The Place of Environmental Education at Rio+20

In preparation for next summer’s Rio+20 Conference on Sustainable Development (CSD) the UN CSD Education Caucus has submitted a Concept Note outlining their views on Environmental Education.  Comprised of over 600 member organizations the Caucus represents formal and informal educators from each of the World Regions.  The Note identifies challenges facing Environmental Education in the wake of the 1992 Rio Declaration and outlines actions necessary for the advancement of global understanding of environmental issues.

The United Nations’ 1972 Stockholm Conference on the Human Environment is often cited as the birthplace of Environmental Education.  Three years later, in 1975, the goal of Environmental Education as defined by the UN was articulated in the Belgrade Charter as follows:

To develop a world population that is aware of, and concerned about, the environment and its associated problems, and which has the knowledge, skills, attitudes, motivations and commitment to work individually and collectively toward solutions of current problems and prevention of new ones.

The Charter further articulated 6 objectives to guide Environmental Education toward that goal including awareness, knowledge, attitude, skills, evaluation, and participation.

The first Earth Summit in 1992 was essentially an Environmental Education conference, largely designed to address the goal and objectives of the Belgrade Charter.  It provided an opportunity for world leaders and delegations to learn about and interact with “the environment and its associated problems”.  Attendees gained awareness of environmental issues as well as knowledge and skills necessary to evaluate those issues.

Since 1972, Environmental Education has been a foundational theme of all UN conferences on the environment.  Yet much of the enthusiasm generated for Environmental Education in the 1970s has waned and education has been overshadowed as a priority.  The Education Caucus is calling for a renewed interest in Environmental Education to benefit all stakeholders involved in the UNCSD.

Pedagogy in the twenty-first century has moved away from the paradigm of “teacher as expert” and embraced the notion of “student as expert” through models of inquiry-based exploration, hands-on experimentation, and cooperative problem solving to address relevant, real-world issues.  Gone is the model of “professor” at the head of the class.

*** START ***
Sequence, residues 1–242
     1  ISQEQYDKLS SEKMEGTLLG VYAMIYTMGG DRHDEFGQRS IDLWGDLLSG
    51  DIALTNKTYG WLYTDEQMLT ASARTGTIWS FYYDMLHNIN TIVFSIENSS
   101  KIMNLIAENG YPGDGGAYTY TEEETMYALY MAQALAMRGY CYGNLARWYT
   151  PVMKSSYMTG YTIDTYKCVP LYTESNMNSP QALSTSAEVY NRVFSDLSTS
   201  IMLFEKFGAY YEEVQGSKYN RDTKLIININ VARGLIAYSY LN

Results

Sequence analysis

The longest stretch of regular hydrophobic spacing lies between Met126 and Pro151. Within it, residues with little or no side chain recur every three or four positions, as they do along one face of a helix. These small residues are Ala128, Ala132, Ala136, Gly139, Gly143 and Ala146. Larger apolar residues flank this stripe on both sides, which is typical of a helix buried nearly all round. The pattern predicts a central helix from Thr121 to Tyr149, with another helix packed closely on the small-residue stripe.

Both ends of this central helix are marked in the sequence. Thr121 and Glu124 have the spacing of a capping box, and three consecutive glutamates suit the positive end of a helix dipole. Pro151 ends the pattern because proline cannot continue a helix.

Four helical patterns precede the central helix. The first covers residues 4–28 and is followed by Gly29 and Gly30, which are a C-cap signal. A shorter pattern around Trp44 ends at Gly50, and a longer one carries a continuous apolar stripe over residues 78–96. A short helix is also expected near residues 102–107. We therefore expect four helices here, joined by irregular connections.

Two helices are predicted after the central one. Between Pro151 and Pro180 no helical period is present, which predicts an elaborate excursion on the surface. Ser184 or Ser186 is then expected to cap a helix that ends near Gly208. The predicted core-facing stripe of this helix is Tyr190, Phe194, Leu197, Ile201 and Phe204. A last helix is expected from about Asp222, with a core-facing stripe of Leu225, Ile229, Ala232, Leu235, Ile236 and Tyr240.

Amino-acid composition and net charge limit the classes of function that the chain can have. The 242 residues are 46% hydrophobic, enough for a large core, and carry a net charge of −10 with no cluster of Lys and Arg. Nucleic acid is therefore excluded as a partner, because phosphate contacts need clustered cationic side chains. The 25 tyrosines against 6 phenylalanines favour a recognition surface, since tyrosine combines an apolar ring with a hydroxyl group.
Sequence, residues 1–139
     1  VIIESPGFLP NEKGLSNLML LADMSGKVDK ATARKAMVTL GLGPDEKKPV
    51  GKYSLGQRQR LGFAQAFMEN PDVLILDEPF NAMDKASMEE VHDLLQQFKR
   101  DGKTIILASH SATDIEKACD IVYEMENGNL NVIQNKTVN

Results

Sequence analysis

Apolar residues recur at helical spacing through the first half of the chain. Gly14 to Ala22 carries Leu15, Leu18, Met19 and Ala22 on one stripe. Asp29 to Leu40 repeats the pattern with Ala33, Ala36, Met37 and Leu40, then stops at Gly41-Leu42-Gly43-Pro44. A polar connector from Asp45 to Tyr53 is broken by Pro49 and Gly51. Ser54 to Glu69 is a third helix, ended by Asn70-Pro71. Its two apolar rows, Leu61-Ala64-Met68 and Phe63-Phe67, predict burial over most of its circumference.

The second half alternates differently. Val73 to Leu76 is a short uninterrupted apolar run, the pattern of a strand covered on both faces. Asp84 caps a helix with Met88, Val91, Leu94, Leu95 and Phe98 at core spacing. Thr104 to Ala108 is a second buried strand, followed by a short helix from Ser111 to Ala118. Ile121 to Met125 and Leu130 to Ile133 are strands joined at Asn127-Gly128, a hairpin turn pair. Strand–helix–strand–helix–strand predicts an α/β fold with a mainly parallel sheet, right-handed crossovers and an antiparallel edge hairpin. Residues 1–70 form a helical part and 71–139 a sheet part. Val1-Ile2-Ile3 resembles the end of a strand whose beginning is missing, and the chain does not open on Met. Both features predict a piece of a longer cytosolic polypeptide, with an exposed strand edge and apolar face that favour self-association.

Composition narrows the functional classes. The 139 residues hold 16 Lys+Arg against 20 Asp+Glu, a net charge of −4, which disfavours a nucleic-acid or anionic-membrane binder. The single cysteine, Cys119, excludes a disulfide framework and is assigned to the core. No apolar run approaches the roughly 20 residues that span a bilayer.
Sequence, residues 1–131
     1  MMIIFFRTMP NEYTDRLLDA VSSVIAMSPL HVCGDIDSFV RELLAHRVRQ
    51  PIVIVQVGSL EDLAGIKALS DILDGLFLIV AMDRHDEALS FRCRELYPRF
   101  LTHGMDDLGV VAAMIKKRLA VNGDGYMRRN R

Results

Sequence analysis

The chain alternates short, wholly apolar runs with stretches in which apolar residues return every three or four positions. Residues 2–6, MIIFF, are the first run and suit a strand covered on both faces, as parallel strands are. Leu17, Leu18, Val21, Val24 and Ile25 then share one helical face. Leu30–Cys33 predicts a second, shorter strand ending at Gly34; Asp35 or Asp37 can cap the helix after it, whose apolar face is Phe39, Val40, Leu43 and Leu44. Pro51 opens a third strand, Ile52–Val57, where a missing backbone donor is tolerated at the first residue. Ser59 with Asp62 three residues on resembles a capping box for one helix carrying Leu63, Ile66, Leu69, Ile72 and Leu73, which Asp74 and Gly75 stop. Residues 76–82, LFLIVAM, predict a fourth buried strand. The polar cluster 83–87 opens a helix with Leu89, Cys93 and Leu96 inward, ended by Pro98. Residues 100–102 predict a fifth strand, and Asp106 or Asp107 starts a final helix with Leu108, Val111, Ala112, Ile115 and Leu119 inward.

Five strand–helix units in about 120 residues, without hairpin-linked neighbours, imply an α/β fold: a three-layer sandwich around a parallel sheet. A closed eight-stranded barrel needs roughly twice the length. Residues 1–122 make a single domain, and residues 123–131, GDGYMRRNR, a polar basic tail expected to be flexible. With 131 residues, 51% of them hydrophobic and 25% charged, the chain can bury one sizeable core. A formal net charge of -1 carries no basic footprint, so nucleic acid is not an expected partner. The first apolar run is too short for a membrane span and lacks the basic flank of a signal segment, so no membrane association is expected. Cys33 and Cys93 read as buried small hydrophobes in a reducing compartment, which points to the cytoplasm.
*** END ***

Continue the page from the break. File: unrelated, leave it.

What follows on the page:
The Education Caucus is encouraging a similar paradigm shift in their approach to Environmental Education.  Specifically, they are calling for a broadening of the concept of education to include learning experiences outside of traditional classrooms.  Too many delegations, major groups, and NGOs involved in UNCSD equate education with “schooling” and consequently dismiss the topic as being irrelevant to their area of focus.

On the contrary, in documentation published after the 1992 Rio Earth Summit, Chapter 36.1 of Agenda 21 acknowledges education to be “linked to virtually all areas” of conference concerns and therefore relevant to all stakeholders at the UNCSD.

Powerful, effective Environmental Education can and should be occurring at all levels of society to create an informed citizenry and polity.  Programs offered in non-traditional settings, such as those offered by the Human Impacts Institute, provide some of the most effective opportunities to teach about sustainability.  In particular, the Education Caucus feels that three audiences should be targeted for meaningful, sustained Environmental Education in a non-traditional setting: the business community, the public, and the government.  Governance structures that support sustainable development should themselves be created as “learning systems” requiring diligent attention to scientific research, public input, and critical reflection.

To successfully navigate the complex nature of sustainable development on a local and global scale we must embrace a model of life-long learning.  An increase in Environmental Education opportunities in non-traditional settings will target learners outside of the schooling system.  As a global citizenry there is much that confuses us in the face of complex twenty-first century issues.  By maintaining focus on the necessity of ongoing educational opportunities we empower our community to become well-prepared and informed decision makers as we interface with issues of sustainable development.

The Education Caucus will recommend that Environmental Education for Sustainability be visible as an action-based priority within the Rio 2012 strategies to address the major themes of the Summit: creating a green economy in the context of poverty eradication and sustainable development, and an institutional framework for sustainable development.

If you are interested in reading the whole document from theEducation Caucus, or of any other Major Group or Nation State, including the Human Impacts Institute’s submission, you can view them here.

By Christina Cotter, Human Impacts Institute Environmental Education Advisor

 

 

 

This entry was posted in Collaborative Partnerships, Community Conversations, Environmental Leadership, Environmental Policy, Hii Programs. Bookmark the permalink.

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